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Affirmative on Affirmative Action
With key Supreme Court case in the offing, social scientists defend college admissions policies that consider race.
Race-blind admissions policies would harm students from all racial and ethnic groups, a group of scholars who support affirmative action argued Thursday, less than two weeks before the Supreme Court is set to hear a case that could change the landscape of admissions dramatically.
“Race-neutral policies simply do not work at the same level affirmative action does,” said Stella Flores, an assistant professor in Vanderbilt University’s Department of Leadership, Policy & Organizations.
Flores spoke as part of a briefing by the American Educational Research Association, held to discuss the science behind its amicus brief urging the Supreme Court to uphold affirmative action in college admissions in the Fisher v. University of Texas case.
All of that science can be found on AERA’s website, where publishers have provided free access to the numerous studies that back AERA’s brief. In past affirmative action cases -- and in cases involving race and education going back to Brown v. Board of Education – social science research has played an important role, and AERA hopes that will once again be the case. Of course, the other side has research to back its argument, too, some of which was presented last week at the Brookings Institution.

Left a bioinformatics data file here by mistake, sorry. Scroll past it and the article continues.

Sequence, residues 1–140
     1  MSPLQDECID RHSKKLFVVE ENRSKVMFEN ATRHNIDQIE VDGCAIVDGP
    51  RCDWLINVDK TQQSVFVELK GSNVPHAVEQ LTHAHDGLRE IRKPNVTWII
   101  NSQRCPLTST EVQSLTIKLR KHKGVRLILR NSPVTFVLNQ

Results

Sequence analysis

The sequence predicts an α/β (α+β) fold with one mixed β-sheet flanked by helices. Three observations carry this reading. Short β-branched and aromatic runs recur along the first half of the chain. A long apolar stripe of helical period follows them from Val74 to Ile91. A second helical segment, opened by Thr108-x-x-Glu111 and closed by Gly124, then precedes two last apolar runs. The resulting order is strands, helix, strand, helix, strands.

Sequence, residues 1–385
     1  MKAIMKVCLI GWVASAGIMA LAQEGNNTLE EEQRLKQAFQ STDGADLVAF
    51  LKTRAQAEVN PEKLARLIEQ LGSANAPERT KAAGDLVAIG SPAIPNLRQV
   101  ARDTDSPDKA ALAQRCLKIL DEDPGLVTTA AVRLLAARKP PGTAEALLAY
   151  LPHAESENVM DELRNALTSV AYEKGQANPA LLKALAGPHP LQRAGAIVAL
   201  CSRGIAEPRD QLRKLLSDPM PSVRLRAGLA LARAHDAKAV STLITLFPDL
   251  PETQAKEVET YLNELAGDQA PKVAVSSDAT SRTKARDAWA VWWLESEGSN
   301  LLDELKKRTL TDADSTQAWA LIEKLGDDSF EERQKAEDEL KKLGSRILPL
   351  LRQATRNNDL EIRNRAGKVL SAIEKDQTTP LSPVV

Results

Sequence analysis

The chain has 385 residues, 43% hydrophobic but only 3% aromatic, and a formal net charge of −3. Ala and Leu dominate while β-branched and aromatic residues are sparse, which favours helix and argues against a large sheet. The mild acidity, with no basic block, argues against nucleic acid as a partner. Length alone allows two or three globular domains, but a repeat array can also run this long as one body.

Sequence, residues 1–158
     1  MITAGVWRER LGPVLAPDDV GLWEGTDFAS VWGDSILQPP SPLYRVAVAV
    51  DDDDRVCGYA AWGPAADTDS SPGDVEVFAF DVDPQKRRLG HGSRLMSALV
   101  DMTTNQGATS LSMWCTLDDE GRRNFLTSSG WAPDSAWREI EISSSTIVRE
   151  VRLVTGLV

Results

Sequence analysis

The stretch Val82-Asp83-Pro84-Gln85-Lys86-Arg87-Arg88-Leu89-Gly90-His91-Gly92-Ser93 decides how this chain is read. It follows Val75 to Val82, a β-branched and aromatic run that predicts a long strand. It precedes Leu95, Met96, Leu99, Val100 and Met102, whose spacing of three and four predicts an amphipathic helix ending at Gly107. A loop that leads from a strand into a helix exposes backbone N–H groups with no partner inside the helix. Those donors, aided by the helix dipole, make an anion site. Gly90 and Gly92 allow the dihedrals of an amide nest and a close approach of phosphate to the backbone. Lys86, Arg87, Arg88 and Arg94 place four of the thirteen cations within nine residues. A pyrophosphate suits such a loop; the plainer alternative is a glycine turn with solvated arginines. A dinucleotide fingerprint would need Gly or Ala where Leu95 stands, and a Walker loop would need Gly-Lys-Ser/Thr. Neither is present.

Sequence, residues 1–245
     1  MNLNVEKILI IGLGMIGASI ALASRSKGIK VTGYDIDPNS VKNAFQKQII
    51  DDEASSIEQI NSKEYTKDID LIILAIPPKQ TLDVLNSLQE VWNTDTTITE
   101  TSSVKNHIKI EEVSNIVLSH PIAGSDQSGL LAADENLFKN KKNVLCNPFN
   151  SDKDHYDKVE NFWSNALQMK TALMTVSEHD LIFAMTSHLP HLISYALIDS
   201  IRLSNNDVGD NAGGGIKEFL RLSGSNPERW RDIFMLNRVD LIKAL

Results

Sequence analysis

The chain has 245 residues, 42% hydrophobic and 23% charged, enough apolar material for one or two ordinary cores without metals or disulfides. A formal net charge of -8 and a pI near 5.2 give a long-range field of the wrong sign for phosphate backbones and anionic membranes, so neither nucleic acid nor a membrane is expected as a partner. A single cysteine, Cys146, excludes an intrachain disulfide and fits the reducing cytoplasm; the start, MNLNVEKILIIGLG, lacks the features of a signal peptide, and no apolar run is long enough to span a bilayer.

The case, which the Supreme Court will hear next month, was filed in 2008 by a white woman, Abigail Fisher, who was rejected from the University of Texas at Austin. In her lawsuit against the university, Fisher asserts that the university’s use of race in its admissions decisions is unconstitutional.
There are two major questions the court will have to consider, according to Angelo Ancheta, the lead lawyer on the AERA amicus brief and an associate clinical professor at the Santa Clara University School of Law. The first is whether promoting diversity on campus is a compelling government issue -- Thursday’s speakers all believe it is -- and the second is whether Texas’ policy is narrowly tailored to achieve a specific end.